Styx Valley

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Tasmania logging 04 Styx River from rumbly bridge.jpg
Eucalyptus regnans surrounding the Styx River on the valley floor.
Country Australia
State Tasmania
Settlements Maydena
River Styx River
Coordinates 42°43′S 146°49′E / 42.72°S 146.81°E / -42.72; 146.81Coordinates: 42°43′S 146°49′E / 42.72°S 146.81°E / -42.72; 146.81
Location of Styx Valley in Tasmania

The Styx Valley is a valley located adjacent to the Tasmanian Wilderness World Heritage Site on the island of Tasmania, Australia. The Styx River is the main drainage system of the valley that lies about 100 kilometres (62 mi) northwest of Hobart, with the nearest town being Maydena.

Location and features[edit]

Clear-felled forest in the Styx Valley. Old-growth trees to the right and pine plantations in the distance.

Temperate wet eucalypt forests in the region are home to the world's tallest flowering plants, Eucalyptus regnans. Rainforest gullies are carpeted in mosses and lichens and shaded by the tree ferns Dicksonia antarctica, known locally as Man-ferns, and other rainforest tree species including Southern Sassafras (Atherosperma moschatum), Myrtle Beech (Nothofagus cunninghamii) and Celery-top pine (Phyllocladus aspleniifolius).

In 2002, Australia's most massive tree, nicknamed El Grande, was discovered. It died in an autumn burn in 2003.[1]

The valley has been the site of an ongoing conflict between environmentalists, who have proposed the protection of the site as a national park, and supporters of the logging industry. One of the environmentalists' arguments, as well as the environmental benefits, was that a tourism-based economy would be more beneficial for the local economy than logging the area.[citation needed]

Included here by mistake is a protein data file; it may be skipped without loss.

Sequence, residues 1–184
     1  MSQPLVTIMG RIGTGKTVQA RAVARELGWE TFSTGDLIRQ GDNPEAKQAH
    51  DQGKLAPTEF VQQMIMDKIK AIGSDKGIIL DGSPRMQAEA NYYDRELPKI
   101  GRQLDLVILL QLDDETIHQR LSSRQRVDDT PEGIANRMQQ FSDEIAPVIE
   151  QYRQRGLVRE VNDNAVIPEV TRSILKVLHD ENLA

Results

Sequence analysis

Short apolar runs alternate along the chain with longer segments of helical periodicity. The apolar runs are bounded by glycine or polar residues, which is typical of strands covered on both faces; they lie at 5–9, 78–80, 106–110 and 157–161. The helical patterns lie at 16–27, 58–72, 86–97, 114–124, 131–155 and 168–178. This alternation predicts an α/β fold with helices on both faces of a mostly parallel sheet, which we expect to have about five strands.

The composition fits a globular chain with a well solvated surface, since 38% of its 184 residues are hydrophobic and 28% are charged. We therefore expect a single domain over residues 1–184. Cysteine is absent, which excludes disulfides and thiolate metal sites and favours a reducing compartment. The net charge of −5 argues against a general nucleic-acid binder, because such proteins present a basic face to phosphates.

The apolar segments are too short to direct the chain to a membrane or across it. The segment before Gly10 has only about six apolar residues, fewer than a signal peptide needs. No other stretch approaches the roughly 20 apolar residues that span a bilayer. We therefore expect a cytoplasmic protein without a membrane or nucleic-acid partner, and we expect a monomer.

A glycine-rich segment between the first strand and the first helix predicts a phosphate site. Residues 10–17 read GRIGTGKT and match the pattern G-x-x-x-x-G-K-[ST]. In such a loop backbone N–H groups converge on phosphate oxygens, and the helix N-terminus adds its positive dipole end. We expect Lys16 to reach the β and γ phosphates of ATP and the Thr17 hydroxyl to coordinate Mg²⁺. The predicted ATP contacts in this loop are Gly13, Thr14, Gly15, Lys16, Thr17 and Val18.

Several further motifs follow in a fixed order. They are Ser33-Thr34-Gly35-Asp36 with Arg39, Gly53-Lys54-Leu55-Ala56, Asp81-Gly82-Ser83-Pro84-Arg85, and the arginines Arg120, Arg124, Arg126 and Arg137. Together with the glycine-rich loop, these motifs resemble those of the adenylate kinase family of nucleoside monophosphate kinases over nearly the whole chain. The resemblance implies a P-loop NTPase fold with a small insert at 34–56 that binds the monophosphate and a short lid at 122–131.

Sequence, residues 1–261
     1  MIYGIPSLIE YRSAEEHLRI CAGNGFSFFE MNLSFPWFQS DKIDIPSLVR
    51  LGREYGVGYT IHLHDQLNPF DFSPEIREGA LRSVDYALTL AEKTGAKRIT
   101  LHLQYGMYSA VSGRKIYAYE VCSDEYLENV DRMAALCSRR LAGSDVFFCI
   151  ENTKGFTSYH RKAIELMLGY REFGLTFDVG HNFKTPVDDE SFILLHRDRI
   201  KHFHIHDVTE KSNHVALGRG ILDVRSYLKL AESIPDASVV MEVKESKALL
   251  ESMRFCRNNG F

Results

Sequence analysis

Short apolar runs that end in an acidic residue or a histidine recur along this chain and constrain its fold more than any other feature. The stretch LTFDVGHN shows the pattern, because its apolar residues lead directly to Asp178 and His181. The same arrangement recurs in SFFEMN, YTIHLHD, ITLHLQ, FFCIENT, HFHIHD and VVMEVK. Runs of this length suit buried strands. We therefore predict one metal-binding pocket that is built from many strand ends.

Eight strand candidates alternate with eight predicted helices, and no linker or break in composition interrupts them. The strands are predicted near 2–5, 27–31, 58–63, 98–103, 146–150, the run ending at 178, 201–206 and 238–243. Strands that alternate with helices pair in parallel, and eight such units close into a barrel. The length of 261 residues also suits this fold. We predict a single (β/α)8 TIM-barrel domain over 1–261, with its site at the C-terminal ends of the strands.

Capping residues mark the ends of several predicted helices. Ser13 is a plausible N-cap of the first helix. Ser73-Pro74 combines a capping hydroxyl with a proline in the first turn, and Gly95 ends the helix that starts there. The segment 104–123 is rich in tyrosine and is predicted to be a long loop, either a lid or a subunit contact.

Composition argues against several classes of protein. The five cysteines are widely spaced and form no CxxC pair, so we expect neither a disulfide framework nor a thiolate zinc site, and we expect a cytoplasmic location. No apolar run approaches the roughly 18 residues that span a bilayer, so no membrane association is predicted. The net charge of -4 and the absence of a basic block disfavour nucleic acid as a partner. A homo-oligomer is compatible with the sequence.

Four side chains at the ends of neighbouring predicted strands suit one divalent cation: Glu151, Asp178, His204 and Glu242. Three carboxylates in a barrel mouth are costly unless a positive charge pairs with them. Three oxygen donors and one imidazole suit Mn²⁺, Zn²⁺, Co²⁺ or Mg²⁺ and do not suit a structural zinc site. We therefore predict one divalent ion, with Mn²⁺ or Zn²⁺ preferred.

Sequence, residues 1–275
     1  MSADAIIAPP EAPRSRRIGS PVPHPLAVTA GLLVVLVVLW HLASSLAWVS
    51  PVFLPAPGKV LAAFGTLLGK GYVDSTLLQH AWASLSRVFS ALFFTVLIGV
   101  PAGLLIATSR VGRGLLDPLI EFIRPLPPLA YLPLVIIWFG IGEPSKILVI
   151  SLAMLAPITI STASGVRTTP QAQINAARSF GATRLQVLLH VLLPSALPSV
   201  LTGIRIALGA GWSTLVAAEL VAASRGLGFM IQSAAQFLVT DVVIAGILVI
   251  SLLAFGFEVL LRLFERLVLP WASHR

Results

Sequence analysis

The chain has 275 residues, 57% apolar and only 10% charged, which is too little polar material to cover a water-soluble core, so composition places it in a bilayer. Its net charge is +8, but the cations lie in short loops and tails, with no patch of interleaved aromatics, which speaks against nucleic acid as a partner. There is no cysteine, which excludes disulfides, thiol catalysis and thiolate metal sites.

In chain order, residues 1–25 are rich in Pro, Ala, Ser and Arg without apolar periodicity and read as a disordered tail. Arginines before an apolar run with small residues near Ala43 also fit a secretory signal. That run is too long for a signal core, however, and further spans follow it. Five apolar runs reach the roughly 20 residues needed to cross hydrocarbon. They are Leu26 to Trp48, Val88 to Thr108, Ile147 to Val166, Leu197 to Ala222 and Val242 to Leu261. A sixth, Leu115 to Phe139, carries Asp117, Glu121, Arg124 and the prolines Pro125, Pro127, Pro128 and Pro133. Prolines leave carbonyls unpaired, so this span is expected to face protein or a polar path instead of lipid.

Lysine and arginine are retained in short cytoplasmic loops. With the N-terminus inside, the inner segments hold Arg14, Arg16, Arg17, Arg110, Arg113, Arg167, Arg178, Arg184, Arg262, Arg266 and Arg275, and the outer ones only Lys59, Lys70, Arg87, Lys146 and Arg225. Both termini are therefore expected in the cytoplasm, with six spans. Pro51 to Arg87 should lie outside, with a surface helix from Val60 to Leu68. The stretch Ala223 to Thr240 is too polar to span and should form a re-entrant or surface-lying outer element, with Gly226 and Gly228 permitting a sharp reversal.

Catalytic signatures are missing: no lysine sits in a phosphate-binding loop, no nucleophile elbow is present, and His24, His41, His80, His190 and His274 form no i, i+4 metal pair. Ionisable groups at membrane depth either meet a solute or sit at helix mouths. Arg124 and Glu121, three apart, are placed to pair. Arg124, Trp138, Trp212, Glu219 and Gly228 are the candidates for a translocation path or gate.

Community blockades including tree sits have been supported by Greenpeace and the Tasmanian Wilderness Society. Gandalf's Staff, an 85-metre (279 ft) tall eucalypt, holds the world record for supporting the highest tree sit platform. The campaign was successful in gaining protection for the proposed clearfell coupe containing some of the tallest trees, and protection was proposed by the Latham opposition in 2004 for an area of the northern Styx Valley containing high conservation value old growth forest.[2]

See also[edit]


  1. ^ "Forestry officials admit killing biggest tree". BBC News. 10 December 2003. Retrieved 18 February 2011. 
  2. ^ Brown, B.; Bayley, V. (2003). The Valley of the Giants. The Wilderness Society. ISBN 1-875768-10-6.